Who listens to Spotify?

A lot of music journalists write about Spotify like it’s the future of music. Bob Lefsetz for example. Sure, they are right, but only a little bit because the thing is: Spotify doesn’t have many listeners.

Logos-Soundcloud-icon-w320A lot of music journalists write about Spotify like it’s the future of music. Bob Lefsetz for example. Sure, they are right, but only a little bit because the thing is: Spotify doesn’t have many listeners. At the moment it has 40 millions users and only 25% (10 million) are paying for it. Compare that to the 1 billion unique users (!) who visit YouTube each month. Or compare that to the more than 250 million listeners SoundCloud has.

In my opinion Spotify makes a few mistakes. The major mistake they make is not connecting directly to musicians and bands. The internet has proven that middle men are having a hard time. And although these middlemen might be needed for some specific tasks in the production and/or marketing process many bands and musicians can do all these things on their own (DIY). YouTube and SoundCloud have realised that the New Creatives will upload their work themselves and will connect to their fans directly. This is also what the fans love. Facebook, Twitter and Instagram are doing the same thing. But Spotify doesn’t. Spotify will not allow a band to connect to its fans. Spotify lacks all the nifty network features of modern webservices. All that social stuff. You can’t even embed a Spotify track/album or listen to something if you don’t have a Spotify account. Which is a major mistake because the number one reason that YouTube is the biggest player in the streaming world is that very reason: any person on the interwebs can simply hit play on a YouTube video and enjoy it.

A SoundCloud account is free. Sure, the free account has its limits, but to make a couple tracks available won’t cost you any money. And if you want more, it won’t cost you an arm and a leg either. This is the number one reason why any musician/band on this planet will create a SoundCloud account at some point. And with that account he/she will be able to tag the music, send it to SoundCloud groups and might get noticed by some of the big guys which are among those 250 million users. And any music fan can embed the music or share it on Facebook and Twitter, even if they don’t have an account on SoundCloud. Thanks to modern technology any user will be able to play that music from within a blog (inline), Twitter or Facebook stream without ever leaving the platform.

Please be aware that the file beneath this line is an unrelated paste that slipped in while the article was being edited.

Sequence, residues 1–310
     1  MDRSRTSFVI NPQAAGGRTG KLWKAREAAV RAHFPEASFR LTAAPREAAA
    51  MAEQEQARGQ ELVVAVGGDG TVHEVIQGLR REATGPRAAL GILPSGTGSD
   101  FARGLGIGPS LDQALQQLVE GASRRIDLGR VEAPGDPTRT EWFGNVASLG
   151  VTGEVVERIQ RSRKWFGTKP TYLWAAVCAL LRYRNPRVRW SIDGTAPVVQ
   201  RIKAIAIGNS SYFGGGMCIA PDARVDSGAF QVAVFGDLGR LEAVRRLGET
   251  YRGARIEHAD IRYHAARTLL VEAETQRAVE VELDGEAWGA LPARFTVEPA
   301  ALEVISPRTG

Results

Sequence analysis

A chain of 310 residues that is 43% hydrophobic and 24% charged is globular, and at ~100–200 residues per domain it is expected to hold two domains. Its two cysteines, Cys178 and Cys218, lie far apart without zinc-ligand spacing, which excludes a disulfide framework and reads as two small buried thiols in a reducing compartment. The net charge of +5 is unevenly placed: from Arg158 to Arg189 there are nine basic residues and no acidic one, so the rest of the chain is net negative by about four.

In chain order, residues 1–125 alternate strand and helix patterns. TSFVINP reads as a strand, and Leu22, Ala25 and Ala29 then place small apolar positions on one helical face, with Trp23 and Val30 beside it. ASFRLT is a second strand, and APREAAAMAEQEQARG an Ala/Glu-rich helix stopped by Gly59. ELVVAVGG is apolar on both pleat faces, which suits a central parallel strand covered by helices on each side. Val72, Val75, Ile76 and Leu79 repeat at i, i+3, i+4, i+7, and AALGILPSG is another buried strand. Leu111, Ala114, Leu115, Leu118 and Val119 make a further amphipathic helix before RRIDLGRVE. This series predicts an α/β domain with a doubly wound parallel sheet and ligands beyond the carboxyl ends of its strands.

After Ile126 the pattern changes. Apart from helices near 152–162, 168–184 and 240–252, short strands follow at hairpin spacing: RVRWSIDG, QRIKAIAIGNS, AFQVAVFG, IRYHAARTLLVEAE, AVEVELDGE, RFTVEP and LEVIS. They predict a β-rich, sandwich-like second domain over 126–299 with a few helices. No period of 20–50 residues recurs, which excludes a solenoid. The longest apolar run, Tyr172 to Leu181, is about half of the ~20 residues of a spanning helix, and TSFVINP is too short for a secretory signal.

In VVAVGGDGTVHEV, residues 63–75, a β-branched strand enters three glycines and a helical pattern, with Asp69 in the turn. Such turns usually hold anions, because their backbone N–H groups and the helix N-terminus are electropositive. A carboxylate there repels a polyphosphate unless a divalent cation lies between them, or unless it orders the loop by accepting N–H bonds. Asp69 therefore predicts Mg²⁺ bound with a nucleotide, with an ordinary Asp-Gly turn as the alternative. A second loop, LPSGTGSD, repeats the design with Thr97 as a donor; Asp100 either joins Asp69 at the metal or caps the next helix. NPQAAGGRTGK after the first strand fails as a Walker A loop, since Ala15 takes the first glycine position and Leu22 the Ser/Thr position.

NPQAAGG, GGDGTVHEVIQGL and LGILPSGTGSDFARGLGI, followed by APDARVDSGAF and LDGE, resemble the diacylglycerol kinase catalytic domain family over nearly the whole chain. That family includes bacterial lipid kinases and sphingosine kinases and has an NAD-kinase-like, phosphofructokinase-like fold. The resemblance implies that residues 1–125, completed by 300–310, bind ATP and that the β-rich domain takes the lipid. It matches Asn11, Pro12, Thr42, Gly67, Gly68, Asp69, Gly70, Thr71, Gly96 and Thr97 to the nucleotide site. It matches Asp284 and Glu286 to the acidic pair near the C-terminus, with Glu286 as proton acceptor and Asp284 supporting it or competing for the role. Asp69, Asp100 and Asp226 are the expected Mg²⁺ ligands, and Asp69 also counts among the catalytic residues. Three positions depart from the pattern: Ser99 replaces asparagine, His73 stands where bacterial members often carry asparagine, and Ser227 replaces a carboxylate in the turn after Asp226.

We all know how powerful blogging is. Adding your music on SoundCloud or YouTube is like blogging your music. And let’s not forget about BandCamp, which also has an excellent service for providing tools for musicians and bands not only to sell their music but also stream it from embeds and inline on Twitter and Facebook.

I’m not against Spotify but I do believe that it was created from a very conservative point of view. It was a logical step for an extremely conservative music industry that has mistakenly killed Napster. An industry that mistakenly still tries to kill The Pirate Bay. An industry that is still suing its own fans. YouTube, SoundCloud and BandCamp got it right. But Spotify, I’m afraid, doesn’t.

1 Comment

Leave a Reply

This site uses Akismet to reduce spam. Learn how your comment data is processed.